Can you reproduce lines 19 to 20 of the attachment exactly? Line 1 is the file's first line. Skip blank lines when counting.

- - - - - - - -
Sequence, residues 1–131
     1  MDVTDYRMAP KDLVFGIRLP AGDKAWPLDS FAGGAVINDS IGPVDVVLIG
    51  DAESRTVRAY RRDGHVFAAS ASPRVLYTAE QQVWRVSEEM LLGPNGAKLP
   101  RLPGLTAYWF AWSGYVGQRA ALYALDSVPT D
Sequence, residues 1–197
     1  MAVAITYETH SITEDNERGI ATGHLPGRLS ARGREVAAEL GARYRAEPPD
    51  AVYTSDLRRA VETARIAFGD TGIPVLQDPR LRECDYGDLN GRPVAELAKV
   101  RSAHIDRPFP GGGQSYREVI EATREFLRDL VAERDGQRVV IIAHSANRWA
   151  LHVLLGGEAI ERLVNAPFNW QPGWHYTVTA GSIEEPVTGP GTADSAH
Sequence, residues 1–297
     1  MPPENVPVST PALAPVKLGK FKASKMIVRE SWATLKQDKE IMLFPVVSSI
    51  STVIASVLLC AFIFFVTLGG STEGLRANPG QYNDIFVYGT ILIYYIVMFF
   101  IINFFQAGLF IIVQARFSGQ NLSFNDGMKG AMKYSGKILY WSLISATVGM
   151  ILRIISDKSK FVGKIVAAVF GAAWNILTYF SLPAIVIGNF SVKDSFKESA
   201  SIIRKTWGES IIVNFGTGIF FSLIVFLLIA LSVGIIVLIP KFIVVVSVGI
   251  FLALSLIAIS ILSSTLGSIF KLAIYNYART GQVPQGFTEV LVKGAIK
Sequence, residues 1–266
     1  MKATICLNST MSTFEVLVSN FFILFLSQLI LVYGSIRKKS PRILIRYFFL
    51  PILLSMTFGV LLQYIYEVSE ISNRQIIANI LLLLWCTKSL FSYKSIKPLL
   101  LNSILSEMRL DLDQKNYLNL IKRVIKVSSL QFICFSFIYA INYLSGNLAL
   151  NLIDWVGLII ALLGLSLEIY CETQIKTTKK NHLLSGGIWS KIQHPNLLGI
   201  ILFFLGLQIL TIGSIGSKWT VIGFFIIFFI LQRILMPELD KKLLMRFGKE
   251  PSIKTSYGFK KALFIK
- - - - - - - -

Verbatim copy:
    51  PILLSMTFGV LLQYIYEVSE ISNRQIIANI LLLLWCTKSL FSYKSIKPLL
   101  LNSILSEMRL DLDQKNYLNL IKRVIKVSSL QFICFSFIYA INYLSGNLAL